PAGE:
Is High Fructose Corn Syrup Bad for You? Yes, Says Dr. Oz
Today’s post on whether high fructose corn syrup is bad for you is part of FBG’s Back to Basics Week that features the best beginner fitness and beginner nutrition posts that help you to be a little healthier and—in theme with the week—a little smarter. Read on to learn how to ditch HFCS—and the health-related reasons why you should—from YOU: Losing Weight: The Owner’s Manual to Simple and Healthy Weight Loss, by Michael F. Roizen and Mehmet C. Oz (aka Dr. Oz!).
High-fructose corn syrup (HFCS)—once considered the “Frankenfood” fueling America’s obesity epidemic—recently earned a presidential-style pardon. The American Medical Association concluded last June that this much-maligned sweetener was no worse than sugar. Recently, in The American Journal of Clinical Nutrition, a group of noted nutrition experts who’ve studied this processed sweet stuff agreed. Even if you don’t read medical journals or follow the headlines, you’ve probably seen the pro-HFCS commercials on TV—paid for by the Corn Refiners Association—featuring smiling moms reassuring one another that HFCS is perfectly safe and natural. (Of course, cyanide is also natural. Not that taking HFCS is the equivalent of ingesting cyanide, but don’t think it has a clean bill of health.)
Hold that honey-mustard dipping sauce. Who said sugar was a great item to add to food? Further, almost all of the reports that found HFCS to be the same as sugar have been funded by groups that profit from sales of HFCS—including soda makers and their lobbyists. And we believe that the most important question remains whether big doses of fructose could trigger obesity in ways that go beyond all those excess calories.
Yes, we said fructose. But we don’t mean the quantities found in fresh fruit, which come packaged with fiber and lots of nutrients. We’re talking about the nutritionally empty megadoses added to soda, commercial sweets and baked goods. We’re also talking about all the little hits you’re getting from foods that don’t even seem sweet, such as ketchup and salad dressing. A growing stack of research suggests that getting too much fructose in your diet interferes with telling your brain that you’re full and should stop eating. In a new University of Florida lab study, animals that ate a high-fat, high-calorie diet that was also high in fructose became leptin resistant (resistant to changes leptin causes in the brain, such as ability to suppress appetite) and gained more weight than animals that ate a similar diet, minus the fructose. And fructose in large quantities overwhelms your liver’s ability to process it without producing inflammation-producing compounds.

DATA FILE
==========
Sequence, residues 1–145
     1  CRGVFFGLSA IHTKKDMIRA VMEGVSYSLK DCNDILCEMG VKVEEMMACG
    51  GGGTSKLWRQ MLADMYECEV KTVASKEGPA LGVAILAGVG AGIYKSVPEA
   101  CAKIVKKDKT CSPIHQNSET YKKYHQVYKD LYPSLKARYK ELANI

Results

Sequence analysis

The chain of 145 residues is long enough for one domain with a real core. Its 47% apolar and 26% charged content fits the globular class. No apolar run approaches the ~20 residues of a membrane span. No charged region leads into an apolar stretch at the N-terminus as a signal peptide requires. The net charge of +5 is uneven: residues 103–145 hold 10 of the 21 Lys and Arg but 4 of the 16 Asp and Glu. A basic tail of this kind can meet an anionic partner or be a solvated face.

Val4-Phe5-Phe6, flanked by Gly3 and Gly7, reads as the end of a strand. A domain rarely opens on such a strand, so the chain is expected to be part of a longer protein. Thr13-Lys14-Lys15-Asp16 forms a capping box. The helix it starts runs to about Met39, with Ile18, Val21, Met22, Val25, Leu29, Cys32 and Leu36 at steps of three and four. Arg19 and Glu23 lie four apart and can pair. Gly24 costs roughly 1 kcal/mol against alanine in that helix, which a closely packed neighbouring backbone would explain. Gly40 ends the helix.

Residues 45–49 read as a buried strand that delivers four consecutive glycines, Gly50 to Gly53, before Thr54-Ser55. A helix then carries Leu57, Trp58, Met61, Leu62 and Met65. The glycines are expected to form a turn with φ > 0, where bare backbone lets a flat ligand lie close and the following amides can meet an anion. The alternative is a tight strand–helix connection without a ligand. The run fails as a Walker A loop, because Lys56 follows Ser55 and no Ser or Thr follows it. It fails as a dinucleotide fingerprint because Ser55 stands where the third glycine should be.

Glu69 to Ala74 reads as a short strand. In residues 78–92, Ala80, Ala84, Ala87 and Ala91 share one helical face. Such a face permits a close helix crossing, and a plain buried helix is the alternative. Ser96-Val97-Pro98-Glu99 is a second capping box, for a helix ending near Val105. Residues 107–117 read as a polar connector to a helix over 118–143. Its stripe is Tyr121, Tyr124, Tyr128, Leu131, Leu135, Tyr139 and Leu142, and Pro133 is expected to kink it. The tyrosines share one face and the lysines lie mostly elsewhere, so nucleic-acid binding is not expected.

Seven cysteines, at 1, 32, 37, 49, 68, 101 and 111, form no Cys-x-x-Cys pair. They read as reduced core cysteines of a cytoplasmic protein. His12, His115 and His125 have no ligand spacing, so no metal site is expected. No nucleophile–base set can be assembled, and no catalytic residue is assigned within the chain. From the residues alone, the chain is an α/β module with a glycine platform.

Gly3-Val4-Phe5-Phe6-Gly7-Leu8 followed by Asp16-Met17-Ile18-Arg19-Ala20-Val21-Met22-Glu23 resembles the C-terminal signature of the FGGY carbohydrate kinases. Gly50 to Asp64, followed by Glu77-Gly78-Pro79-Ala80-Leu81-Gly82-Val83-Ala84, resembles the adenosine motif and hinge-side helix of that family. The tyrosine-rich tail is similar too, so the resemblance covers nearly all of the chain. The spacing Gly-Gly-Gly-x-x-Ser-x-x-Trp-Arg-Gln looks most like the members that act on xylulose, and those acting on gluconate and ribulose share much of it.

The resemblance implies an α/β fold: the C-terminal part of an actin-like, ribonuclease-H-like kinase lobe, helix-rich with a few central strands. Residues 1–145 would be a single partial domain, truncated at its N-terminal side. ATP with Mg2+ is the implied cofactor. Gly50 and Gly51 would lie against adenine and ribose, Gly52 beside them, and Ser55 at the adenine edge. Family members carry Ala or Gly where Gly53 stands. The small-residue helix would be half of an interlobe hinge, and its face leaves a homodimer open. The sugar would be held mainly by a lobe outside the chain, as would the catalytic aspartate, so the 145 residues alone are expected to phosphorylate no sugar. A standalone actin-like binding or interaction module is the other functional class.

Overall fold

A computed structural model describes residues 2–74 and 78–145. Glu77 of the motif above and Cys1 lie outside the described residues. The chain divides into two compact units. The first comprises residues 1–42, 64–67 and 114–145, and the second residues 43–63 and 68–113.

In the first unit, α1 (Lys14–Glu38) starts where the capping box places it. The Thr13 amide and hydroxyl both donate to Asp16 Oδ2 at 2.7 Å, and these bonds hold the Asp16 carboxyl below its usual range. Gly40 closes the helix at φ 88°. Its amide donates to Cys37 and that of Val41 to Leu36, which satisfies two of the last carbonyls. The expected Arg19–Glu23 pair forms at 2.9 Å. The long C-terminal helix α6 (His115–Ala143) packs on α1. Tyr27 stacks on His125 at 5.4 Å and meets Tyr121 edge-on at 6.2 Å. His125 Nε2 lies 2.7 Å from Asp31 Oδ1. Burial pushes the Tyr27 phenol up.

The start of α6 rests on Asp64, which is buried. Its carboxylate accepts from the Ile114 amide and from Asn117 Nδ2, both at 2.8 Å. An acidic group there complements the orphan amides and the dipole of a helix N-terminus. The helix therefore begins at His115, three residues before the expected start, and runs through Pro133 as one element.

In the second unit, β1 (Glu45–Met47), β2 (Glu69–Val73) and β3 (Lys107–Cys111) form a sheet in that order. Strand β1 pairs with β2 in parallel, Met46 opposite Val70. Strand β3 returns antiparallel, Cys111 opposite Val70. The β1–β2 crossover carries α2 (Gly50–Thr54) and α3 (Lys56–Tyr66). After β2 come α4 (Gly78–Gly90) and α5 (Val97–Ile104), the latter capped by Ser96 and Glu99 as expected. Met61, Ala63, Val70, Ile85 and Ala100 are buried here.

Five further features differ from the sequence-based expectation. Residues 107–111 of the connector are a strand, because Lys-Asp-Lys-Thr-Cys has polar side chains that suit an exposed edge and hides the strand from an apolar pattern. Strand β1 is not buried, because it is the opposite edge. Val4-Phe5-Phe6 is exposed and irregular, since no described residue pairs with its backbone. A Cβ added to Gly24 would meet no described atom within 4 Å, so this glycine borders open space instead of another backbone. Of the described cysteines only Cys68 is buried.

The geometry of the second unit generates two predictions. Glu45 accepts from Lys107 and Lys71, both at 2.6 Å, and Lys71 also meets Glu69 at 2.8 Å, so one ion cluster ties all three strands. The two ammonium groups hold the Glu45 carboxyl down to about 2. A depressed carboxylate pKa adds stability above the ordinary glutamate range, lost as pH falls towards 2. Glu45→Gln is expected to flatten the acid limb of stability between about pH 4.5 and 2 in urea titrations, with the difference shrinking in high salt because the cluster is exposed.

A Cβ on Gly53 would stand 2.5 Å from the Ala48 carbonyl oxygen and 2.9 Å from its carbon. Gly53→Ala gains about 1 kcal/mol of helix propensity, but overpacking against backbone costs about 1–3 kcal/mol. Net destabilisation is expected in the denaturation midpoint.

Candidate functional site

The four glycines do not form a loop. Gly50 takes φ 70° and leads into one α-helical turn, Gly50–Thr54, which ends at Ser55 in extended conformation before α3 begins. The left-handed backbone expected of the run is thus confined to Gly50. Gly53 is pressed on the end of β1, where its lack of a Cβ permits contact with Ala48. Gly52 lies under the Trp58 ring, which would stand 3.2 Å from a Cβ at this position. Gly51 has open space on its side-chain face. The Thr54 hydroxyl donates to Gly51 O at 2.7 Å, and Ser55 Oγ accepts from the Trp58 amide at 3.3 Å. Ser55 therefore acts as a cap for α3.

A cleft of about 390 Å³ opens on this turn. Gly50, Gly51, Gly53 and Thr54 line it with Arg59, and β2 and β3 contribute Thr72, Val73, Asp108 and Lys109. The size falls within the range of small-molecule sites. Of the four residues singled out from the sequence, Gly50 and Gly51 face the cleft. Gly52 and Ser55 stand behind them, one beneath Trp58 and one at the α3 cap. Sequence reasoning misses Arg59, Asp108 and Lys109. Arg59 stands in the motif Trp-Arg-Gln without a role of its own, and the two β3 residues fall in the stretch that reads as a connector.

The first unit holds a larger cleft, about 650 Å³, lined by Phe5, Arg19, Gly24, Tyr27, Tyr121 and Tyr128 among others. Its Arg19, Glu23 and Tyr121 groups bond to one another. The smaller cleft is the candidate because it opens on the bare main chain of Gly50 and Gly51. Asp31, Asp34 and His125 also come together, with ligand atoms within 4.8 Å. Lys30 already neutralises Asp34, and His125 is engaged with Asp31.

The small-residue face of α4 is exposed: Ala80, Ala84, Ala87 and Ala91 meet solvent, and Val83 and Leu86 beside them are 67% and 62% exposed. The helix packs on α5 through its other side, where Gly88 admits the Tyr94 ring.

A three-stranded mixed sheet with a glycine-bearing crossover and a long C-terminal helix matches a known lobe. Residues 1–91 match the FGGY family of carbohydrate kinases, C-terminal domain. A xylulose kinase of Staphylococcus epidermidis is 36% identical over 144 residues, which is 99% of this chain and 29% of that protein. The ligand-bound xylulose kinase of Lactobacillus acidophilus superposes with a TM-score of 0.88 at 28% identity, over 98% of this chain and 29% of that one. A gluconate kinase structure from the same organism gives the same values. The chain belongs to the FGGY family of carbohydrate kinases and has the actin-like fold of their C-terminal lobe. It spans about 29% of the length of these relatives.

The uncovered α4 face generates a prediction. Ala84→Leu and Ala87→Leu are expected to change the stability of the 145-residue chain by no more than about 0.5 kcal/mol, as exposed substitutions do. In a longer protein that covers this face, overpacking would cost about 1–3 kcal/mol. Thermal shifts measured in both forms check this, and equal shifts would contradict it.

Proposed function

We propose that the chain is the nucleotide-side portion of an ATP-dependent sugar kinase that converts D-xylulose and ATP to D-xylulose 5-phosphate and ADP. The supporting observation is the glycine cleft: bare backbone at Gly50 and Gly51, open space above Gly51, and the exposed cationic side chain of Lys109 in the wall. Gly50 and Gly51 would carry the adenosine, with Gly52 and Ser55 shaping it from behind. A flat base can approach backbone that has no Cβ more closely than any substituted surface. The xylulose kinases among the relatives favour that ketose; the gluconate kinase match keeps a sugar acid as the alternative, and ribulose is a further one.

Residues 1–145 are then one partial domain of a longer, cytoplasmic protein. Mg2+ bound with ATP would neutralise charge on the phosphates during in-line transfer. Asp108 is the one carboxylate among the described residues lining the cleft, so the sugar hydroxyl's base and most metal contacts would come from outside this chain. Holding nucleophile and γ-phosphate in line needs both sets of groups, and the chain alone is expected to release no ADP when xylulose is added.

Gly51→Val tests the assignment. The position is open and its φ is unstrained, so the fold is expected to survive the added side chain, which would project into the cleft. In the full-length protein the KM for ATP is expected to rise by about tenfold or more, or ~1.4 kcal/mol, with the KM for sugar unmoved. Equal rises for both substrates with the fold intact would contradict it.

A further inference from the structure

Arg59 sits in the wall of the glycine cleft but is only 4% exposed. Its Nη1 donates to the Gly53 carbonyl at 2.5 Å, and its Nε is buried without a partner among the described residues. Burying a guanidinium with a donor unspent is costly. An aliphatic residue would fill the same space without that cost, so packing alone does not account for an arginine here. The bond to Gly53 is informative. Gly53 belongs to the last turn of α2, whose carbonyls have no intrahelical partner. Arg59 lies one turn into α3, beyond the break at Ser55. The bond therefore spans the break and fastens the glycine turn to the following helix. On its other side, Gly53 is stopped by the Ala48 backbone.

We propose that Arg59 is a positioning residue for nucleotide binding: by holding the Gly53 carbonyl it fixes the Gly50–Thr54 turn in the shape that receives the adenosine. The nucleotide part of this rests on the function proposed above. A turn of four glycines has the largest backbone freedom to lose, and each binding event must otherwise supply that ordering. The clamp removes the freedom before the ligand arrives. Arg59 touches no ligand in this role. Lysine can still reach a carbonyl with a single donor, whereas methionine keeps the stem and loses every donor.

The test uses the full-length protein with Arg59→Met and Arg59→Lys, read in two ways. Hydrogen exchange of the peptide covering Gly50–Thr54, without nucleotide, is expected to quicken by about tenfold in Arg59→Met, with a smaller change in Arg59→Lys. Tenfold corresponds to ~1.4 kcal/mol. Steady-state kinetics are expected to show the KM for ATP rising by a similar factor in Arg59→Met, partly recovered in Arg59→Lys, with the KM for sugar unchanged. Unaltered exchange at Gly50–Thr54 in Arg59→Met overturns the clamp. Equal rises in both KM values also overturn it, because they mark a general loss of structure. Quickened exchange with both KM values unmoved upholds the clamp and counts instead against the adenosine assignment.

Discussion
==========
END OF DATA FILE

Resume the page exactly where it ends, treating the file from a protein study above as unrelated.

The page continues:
Truth is, HFCS isn’t the only source of excess fructose in the American diet. Table sugar has a similar makeup (roughly equal amounts of fructose and glucose). The reason HFCS comes under such fire is that the food industry’s been pumping more and more of it into foods since the 1970s because it’s cheap, mixes easily into beverages, and enhances flavor and shelf life. The result: we eat 1,000 times more HFCS now than when Richard Nixon was president—on average 63 pounds a year! That’s more than 230,000 calories worth. Per person! Per year! The greatest cost differential in our global fight for jobs is health-care costs: Health-care costs are twice as expensive in America as in Europe since we have twice the chronic disease. Food choices, physical inactivity, tobacco and stress cause 70 percent of those chronic diseases. So if all you care about is the potential for jobs in America, you’d ban tobacco and simple sugars like HFCS added to your foods.
The bottom line: Getting the obvious, and not so obvious, sweeteners out of your diet will save you hundreds of calories a day—and remove a substance that could be flipping metabolic switches without your permission. Here’s how…
How to Cut HFCS Out of Your Diet
- Say no to soda and other sweetened drinks. The calories alone are enough reason to stop sipping liquid candy: A single 18-ounce soda, sweet iced tea or fruit drink can pack 200 or more calories—courtesy of the 15 teaspoons of sugar-like sweetener, usually HFCS, these beverages contain.
- Transition. If you’re breaking a serious soda habit, transitioning to an artificially sweetened, 0-calorie version is a good stepping-stone on your way to healthier drinks: unsweetened iced tea, hot tea, black coffee or skim milk. (Yes, coffee and tea are much healthier, according to much scientific data not sponsored by those who might profit from such.)
- Read labels to find hidden HFCS. Check the ingredients lists of all the processed foods you buy for HFCS (as well as other sweeteners you don’t need, such as rice syrup). You’ll find HFCS in many breads, sweetened yogurts and condiments. Buy only the brands without ’em, and certainly without them in the first five ingredients.
A big thanks to Dr. Oz and Dr. Roizen for breaking down the HFCS issue! How do you avoid HFCS in your diet? —Jenn
About the Authors
Michael F. Roizen, M.D., author of YOU: Losing Weight: The Owner’s Manual to Simple and Healthy Weight Loss (Copyright © 2006, 2009, 2011 by Michael F. Roizen, MD, and Oz Works LLC, f/s/o Mehmet C. Oz, MD), is a New York Times #1 bestselling author and cofounder and originator of the popular RealAge.com website. He is chief wellness officer and chair of the Wellness Institute of the Cleveland Clinic and health expert of The Oprah Winfrey Show.
Mehmet C. Oz, M.D., author of YOU: Losing Weight: The Owner’s Manual to Simple and Healthy Weight Loss (Copyright © 2006, 2009, 2011 by Michael F. Roizen, MD, and Oz Works LLC, f/s/o Mehmet C. Oz, MD), is also a New York Times #1 bestselling author and host of The Dr. Oz Show. He is professor and vice chairman of surgery at New York Presbyterian-Columbia University and the director of the Heart Institute.